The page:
Massachusetts Senate Transportation Committee lacks leadership
Crushing traffic returned to Massachusetts roads after a pandemic lull, the MBTA cut bus service this month due to a driver shortage and the Baker administration’s key plan to cut gas emissions greenhouse effect of the transport sector is dead.
And as fast-moving Massachusetts continues to create headaches for commuters and policymakers, Senate leaders have spent more than three months without delegating a lawmaker to lead the chamber’s business on the issues. transport.
Senate Speaker Karen Spilka has neither appointed a new Senate Speaker to the Transport Committee nor set a timeline for doing so since the most recent person to hold the title, former Senator Joe Boncore, has resigned on September 10.
A spokesperson told the press service that Spilka still has not decided whether she will formally appoint a senator to lead the committee or whether Sen. John Keenan, a Democrat from Quincy who served as its vice-chairman, will continue to assume responsibility. management functions.
Keenan said he was now working “more closely” with the committee’s House chairman, Rep. William Straus, “to ensure that the Joint Transport Committee continues to deal with the 361 major bills under its purview. “.
“I have been busy reviewing bills, chairing hearings, meeting with lawyers, and working with committee members, legislators and the administration to ensure infrastructure needs and goals local and wider Commonwealth transportation are satisfied, “Keenan said in a statement. declaration. âI look forward to continuing this work during the legislative session. “
For Straus, the current setup reflects the work of the committee following the resignation of former transport committee co-chair Senator Tom McGee in January 2018 to become mayor of Lynn. In this case, however, Acting Senate Speaker Harriette Chandler chose Boncore as the next panel leader a few weeks after McGee left.
“All I can offer is that the committee has continued to hold hearings and report on bills since Joe Boncore left,” Straus wrote in an email to the News Service. âI work regularly with Deputy Senate Speaker Keenan on committee matters. This is actually the way I first worked in this sort of situation when Tom McGee left to become Mayor of Lynn and then Vice President Boncore stepped in.
Since Boncore left for high-paying lobbying work as the head of the Massachusetts Biotechnology Council, the transportation committee has held three hearings on aviation legislation under its purview.
The panel only brought forward a handful of major bills this session, including an annual road financing plan and a proposal to force transit agencies to offer free rides on election days in the whole State, the latter being linked to the Ways and Means Committee of each branch. .
But halfway through the two-year legislative session, and with the two-year deadline for making decisions on most bills in 37 days, the Transport Committee has taken no action to send other very questions. publicized in the broader legislative arena.
A bill that would allow undocumented migrants to acquire standard driver’s licenses (H 3456 / S 2289), which the panel advanced last session on a party line vote 14-4, remains unchanged this time around here, just like the proposals of the governor Charlie Baker concerning with the application of the seat belt (H 3706) and the drunk driving (H 4255) which were the subject of hearings.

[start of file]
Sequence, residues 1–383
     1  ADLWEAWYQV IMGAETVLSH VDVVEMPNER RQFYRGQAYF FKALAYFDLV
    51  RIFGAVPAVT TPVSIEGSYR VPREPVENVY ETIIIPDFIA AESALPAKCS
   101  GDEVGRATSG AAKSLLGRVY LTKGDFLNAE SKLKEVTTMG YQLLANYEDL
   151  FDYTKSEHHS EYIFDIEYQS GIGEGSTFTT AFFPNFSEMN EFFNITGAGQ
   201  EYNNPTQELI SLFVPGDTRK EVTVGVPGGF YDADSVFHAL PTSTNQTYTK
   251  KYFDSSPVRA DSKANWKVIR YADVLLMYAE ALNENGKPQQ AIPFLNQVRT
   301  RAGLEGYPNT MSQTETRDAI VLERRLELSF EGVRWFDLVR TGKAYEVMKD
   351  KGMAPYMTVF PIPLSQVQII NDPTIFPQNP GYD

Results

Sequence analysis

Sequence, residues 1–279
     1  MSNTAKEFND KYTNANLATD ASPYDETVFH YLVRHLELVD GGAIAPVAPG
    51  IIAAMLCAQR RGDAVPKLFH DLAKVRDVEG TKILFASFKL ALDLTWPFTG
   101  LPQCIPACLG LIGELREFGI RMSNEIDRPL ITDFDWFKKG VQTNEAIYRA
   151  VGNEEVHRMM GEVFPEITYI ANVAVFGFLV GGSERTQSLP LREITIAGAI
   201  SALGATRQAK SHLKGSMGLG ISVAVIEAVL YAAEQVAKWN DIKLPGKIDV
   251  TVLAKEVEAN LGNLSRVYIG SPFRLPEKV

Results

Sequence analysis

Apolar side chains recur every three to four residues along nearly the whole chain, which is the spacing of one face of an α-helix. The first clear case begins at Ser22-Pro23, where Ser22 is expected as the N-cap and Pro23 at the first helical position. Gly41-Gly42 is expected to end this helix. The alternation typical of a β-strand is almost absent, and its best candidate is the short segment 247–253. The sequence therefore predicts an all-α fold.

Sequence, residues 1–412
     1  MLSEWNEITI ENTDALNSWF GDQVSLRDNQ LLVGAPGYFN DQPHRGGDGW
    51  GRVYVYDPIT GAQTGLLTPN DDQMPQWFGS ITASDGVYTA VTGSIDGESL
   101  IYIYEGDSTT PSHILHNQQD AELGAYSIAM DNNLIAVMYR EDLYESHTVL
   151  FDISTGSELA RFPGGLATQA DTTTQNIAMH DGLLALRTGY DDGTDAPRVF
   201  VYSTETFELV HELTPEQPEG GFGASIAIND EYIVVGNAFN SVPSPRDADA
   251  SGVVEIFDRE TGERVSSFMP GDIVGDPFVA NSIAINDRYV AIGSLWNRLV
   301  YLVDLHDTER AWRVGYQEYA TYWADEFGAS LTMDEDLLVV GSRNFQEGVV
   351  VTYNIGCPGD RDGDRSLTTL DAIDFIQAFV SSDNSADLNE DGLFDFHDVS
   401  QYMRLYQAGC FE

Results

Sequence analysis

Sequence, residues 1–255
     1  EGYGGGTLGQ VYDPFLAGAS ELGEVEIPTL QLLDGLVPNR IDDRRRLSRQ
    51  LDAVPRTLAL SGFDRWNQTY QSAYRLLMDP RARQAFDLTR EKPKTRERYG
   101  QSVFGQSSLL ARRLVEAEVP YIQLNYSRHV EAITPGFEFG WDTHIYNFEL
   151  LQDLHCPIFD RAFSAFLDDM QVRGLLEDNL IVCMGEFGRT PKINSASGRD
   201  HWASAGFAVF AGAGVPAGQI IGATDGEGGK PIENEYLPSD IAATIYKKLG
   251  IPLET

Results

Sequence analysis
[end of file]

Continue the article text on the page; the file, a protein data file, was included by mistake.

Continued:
Another issue the committee left largely untouched this session: new revenue to increase funding for the state’s sometimes unreliable transit systems and aging road infrastructure.
Debate on this topic dominated Beacon Hill in late 2019, and the House approved a broad package in March 2020 that would have increased the state’s gasoline tax, the minimum business excise tax, and fees on services. carpools such as Uber and Lyft.
The Senate has allowed this proposal, which House Democrats say would bring in more than half a billion dollars a year, to die without a vote after COVID-19 took back almost all attention on Beacon Hill. Since then, neither branch has rekindled interest in the issue.
âWe just did a $ 16 billion bond clearance,â Spilka said in September, referring to a transport loan bill that has become law. âI’m not sure there is the capacity to do more. $ 16 billion is more, if I remember correctly, than any appropriation from the Legislative Assembly. So I’m not sure there is a need for more money. I haven’t heard this from one person.
Voters are due to decide in November 2022 to impose a 4% surtax on household income over $ 1 million per year. The text of this question calls for the new revenue to go to transport and education, although opponents argue that the tax, if passed, would fund general government spending.
Lawmakers and Baker agreed this year to create a permanent MBTA board to succeed the tax audit and management board, which dissolved in late June, but Baker took more than three months to appoint members of the board. new panel, sparking criticism of the pace of action amid multiple incidents at T.
Spilka’s decision on the post of Chairman of the Transport Committee has financial ramifications. A 2017 law guarantees the Speakers of the House and Senate of the Transport Committee a stipend of $ 30,000 on top of their base salary, while the Deputy Speaker of the House receives a stipend of $ 15,000 and the Deputy -Speaker of the Senate receives an allowance of $ 5,200. All of those allowances are subject to cost-of-living increases, and the Senate Clerk told the news service on Monday that the Senate vice-president position on the Transportation Committee is currently paid at $ 5,908.